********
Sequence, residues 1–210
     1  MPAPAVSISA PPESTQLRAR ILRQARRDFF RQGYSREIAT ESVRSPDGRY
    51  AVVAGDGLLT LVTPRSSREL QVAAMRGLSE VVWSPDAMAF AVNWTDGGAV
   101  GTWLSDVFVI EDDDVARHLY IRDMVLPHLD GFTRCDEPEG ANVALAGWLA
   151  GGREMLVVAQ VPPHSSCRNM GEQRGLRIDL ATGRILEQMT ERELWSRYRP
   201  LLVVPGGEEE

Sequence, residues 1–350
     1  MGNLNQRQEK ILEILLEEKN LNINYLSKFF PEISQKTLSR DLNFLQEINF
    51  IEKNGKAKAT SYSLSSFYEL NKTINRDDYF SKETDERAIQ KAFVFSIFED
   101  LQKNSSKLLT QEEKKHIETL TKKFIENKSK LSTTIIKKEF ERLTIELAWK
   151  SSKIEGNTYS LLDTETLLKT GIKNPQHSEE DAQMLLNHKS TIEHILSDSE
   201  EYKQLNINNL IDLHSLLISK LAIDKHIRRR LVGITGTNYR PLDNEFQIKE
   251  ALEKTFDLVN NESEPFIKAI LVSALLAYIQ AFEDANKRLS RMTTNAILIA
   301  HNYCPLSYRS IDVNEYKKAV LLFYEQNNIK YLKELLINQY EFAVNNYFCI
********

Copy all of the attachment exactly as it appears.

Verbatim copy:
Sequence, residues 1–210
     1  MPAPAVSISA PPESTQLRAR ILRQARRDFF RQGYSREIAT ESVRSPDGRY
    51  AVVAGDGLLT LVTPRSSREL QVAAMRGLSE VVWSPDAMAF AVNWTDGGAV
   101  GTWLSDVFVI EDDDVARHLY IRDMVLPHLD GFTRCDEPEG ANVALAGWLA
   151  GGREMLVVAQ VPPHSSCRNM GEQRGLRIDL ATGRILEQMT ERELWSRYRP
   201  LLVVPGGEEE

Sequence, residues 1–350
     1  MGNLNQRQEK ILEILLEEKN LNINYLSKFF PEISQKTLSR DLNFLQEINF
    51  IEKNGKAKAT SYSLSSFYEL NKTINRDDYF SKETDERAIQ KAFVFSIFED
   101  LQKNSSKLLT QEEKKHIETL TKKFIENKSK LSTTIIKKEF ERLTIELAWK
   151  SSKIEGNTYS LLDTETLLKT GIKNPQHSEE DAQMLLNHKS TIEHILSDSE
   201  EYKQLNINNL IDLHSLLISK LAIDKHIRRR LVGITGTNYR PLDNEFQIKE
   251  ALEKTFDLVN NESEPFIKAI LVSALLAYIQ AFEDANKRLS RMTTNAILIA
   301  HNYCPLSYRS IDVNEYKKAV LLFYEQNNIK YLKELLINQY EFAVNNYFCI